19 Mar 2013

Obama: from ‘Yes, we can’ to ‘Well, perhaps we can’t after all’

Ten years ago today George W Bush went on prime time TV to tell the world that the invasion of Iraq had begun. The fifteen second pre-roll before the broadcast, which went out inadvertently but revealingly on some stations, showed Bush clenching his fist and puffing himself up to deliver his declaration of war.

Minds have long been made up about that war and whatever the merits or demerits of Saddam Hussein’s removal and the US occupation; even supporters of the conflict admit in hindsight that the intelligence on WMD was faulty and that they reacted precipitously.

Ten years on we are still feeling the consequences of that American hubris, but in a way that few would have expected at the time.

If Washington was conspicuous by its eagerness to intervene in Iraq it is equally conspicuous by its reluctance to do so in Syria. The words bitten and shy come to mind. We saw an example of this again in today’s White House press briefing, when Jay Carney said there was no evidence of a chemical attack near Aleppo reported by some news outlets.

He is right to be cautious. And the picture in Syria has become so fragmented and confused that we can no longer be sure who is using such weapons, if at all. But the language of caution contrasts poignantly with the language of intervention 10 years ago. Having been arrogant and foolish about the possibilities of American power in converting a country like Iraq into a western-style democracy, this administration is burying its head in the sands of pragmatism.

It is so obsessed with the limits of American power that it has not even done all it could to engage diplomatically in Israel/Palestine or indeed Syria.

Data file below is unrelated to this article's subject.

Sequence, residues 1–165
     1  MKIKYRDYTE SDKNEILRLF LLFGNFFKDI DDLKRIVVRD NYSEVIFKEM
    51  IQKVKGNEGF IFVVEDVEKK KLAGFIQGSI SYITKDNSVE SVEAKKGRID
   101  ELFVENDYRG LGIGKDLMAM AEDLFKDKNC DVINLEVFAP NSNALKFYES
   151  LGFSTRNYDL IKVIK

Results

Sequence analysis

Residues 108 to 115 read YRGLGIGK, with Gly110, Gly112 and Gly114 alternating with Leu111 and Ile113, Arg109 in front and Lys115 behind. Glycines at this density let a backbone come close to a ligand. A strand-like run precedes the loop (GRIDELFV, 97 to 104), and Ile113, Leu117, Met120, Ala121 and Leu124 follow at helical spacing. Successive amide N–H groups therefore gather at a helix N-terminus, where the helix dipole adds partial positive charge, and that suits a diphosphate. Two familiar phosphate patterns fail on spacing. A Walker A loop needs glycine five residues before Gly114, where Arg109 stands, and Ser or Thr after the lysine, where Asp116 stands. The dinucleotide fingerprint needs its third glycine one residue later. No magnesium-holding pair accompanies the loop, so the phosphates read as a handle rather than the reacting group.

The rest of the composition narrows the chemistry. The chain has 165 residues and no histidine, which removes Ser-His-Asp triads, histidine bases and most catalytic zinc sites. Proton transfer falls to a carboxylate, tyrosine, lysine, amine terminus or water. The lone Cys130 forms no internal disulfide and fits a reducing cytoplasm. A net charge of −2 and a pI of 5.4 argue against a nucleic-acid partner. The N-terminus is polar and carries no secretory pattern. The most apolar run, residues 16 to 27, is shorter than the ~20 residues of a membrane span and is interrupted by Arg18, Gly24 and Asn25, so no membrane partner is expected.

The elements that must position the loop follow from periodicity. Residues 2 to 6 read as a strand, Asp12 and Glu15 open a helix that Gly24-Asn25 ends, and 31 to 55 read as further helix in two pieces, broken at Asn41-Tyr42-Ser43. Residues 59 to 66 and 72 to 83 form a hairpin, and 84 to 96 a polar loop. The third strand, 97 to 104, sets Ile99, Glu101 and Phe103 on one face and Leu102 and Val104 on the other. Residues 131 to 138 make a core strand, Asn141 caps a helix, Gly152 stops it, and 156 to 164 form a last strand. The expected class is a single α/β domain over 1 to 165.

In 2008, Obama electrified America and the world with “Yes, we can!” Now he has retreated, especially on foreign policy, into the shell of  “Well, perhaps we can’t after all and why waste our time, money and reputation trying?”

America may pay the price for what opponents of excessive caution over Syria, like Senator John McCain, already call a crime of omission. The price could come in the form of a failed state in the heart of the Middle East, a spillover into Lebanon or Israel, and a wider Sunni Shiite confrontation which pits Saudi Arabia and its allies, against Iran and its.

Finally President Obama may heed the words of his good friend Bill Clinton, who once told me that the biggest regret of his presidency was a tragic omission.

Motivated by excessive caution he failed to intervene militarily in Rwanda, when a few thousand US marines just may have prevented the slaughter of over a million Tutsis. “It would have been a risk worth taking,”‘ he said with unusual understatement. You bet.

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